If you are that person, that person who may not have been good enough, or pretty enough, or smart enough to please your parents, or failed somehow in the eyes of the people most important to you, then there may be a tendency that every time you sin, that you might feel like, “There I go again, messing up again, how can God like me?” “How can I be saved… I always keep messing up.”  “Maybe God doesn’t really like me…”  “Maybe, I am not saved.…”  “Maybe, I am only fooling myself, maybe I have already committed the unpardonable sin.”   If your thinking tends to goes around like this… this is  very understandable, but disregard these thoughts, completely!

You will need to learn the concept of acceptance, and that will take time.  Just remember, that you did not come to this unhappy conclusion overnight, and you will need to unlearn it, and that will be a journey.   But, by God’s grace, you can do it, and you can do it with your eyes of faith wide open; not a blind leap of faith! Now, take a few minutes and read the message below, slowly begin opening your eyes of faith.  Grace and peace to you!  –MWP]

If thou art in Christ, fear not sin; for God from everlasting saw all thy sins, and yet, for all that, he continued to accept thee in his beloved,

brideofchrist-249x300It altered his mind not a whit. He was so much pleased with his beloved, that though in his own prescience he foresaw what we would be, yet, having chosen us in his Son, he accepteth us in him; and so, now that we actually exist and sin against him, he, notwithstanding, finds so much contentment at home in his Son, having him by him, that he can patiently bear with us, and please himself in Christ. And so, though he see thee sinful for the present, and foresaw thee sinful from everlasting, yet he still accepts thee in his Beloved. And the reason is, because Jesus Christ is more beloved of him than sin is or can be hated by him. If ever sin should come to have more interest for hatred in the heart of God than Christ hath for love, thou mightest well fear: but he hath accepted thee in his beloved, therefore be not thou afraid.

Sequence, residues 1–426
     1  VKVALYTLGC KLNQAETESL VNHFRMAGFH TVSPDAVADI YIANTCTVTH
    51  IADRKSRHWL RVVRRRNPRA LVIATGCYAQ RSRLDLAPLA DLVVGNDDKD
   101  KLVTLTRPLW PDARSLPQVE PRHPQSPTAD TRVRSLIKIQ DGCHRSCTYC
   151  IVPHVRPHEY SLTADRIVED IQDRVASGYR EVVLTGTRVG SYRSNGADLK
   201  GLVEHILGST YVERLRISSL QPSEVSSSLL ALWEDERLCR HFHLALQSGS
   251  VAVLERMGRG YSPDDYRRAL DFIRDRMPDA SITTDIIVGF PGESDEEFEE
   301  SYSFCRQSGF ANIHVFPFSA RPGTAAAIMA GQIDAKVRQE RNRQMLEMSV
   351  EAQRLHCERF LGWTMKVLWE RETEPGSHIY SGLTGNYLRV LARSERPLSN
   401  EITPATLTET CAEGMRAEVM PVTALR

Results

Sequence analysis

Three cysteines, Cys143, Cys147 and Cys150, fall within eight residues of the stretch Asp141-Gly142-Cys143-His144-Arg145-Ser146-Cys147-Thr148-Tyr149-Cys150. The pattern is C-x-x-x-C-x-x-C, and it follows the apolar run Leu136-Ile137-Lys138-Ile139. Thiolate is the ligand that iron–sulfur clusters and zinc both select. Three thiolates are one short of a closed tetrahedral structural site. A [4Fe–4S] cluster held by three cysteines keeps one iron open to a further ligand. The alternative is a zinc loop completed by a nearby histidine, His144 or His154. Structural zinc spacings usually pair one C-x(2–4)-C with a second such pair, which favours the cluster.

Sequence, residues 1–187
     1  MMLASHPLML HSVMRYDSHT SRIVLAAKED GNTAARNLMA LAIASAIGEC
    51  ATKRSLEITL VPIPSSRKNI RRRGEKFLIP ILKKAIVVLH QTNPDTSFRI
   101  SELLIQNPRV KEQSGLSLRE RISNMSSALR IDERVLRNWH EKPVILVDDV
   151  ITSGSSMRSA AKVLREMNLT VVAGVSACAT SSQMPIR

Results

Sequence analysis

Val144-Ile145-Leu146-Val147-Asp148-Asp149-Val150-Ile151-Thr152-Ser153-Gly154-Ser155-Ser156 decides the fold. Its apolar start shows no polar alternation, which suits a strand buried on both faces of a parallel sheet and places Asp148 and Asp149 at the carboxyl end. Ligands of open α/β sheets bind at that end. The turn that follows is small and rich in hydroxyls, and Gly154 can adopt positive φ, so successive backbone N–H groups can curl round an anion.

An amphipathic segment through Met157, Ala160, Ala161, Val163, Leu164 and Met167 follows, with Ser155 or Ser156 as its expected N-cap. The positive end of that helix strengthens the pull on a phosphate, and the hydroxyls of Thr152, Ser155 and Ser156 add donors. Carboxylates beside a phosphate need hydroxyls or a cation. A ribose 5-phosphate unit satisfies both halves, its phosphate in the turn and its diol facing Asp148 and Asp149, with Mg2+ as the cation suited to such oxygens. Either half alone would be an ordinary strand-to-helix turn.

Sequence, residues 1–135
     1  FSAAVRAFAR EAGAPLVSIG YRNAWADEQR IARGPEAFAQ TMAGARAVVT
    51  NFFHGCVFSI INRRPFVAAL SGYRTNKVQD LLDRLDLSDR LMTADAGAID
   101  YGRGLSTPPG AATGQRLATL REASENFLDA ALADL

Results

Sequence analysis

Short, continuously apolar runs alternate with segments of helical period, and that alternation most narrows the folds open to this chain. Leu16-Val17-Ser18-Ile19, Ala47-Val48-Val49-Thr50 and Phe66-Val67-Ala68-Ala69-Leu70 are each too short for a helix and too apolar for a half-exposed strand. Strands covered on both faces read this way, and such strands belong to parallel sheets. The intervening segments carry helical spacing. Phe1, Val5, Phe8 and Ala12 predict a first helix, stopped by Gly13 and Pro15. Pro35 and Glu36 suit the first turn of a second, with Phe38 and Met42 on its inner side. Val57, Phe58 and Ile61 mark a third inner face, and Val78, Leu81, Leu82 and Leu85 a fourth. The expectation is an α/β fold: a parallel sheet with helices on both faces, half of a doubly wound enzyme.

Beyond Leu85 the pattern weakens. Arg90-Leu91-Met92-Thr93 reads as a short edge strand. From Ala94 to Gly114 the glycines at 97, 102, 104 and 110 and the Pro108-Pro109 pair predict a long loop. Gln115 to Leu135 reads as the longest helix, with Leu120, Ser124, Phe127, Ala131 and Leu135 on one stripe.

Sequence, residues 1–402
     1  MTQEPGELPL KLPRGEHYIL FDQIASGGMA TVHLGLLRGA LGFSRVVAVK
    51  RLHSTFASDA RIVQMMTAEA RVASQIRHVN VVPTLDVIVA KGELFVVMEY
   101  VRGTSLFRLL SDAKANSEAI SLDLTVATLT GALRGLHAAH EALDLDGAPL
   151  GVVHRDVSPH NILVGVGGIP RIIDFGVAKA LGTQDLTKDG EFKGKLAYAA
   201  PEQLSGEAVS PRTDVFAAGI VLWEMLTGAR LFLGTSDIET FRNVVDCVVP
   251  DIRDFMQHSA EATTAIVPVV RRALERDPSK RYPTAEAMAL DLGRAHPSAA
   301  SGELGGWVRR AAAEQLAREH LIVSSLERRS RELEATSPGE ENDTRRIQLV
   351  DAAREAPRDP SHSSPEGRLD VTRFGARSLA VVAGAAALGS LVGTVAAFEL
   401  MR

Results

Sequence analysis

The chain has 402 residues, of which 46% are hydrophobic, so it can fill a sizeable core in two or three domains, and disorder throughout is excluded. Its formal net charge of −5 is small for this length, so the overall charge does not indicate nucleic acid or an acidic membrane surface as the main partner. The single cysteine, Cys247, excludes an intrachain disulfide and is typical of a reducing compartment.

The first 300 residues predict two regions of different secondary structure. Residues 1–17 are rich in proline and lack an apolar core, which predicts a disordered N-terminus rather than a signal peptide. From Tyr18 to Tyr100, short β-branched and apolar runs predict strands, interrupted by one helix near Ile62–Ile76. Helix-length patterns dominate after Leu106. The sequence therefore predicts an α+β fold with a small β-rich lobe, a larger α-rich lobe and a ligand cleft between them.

Hath God accepted thee, and rendered thee thus dear unto him­self in his beloved ? No matter though the world hate thee. The world shall hate you, says Christ, John xvi 33: ‘In the world you shall have tribulation;’ but it is no matter, ‘ in me you shall have peace,’  God accepts thee in Christ; he renders thee dear unto himself in his beloved.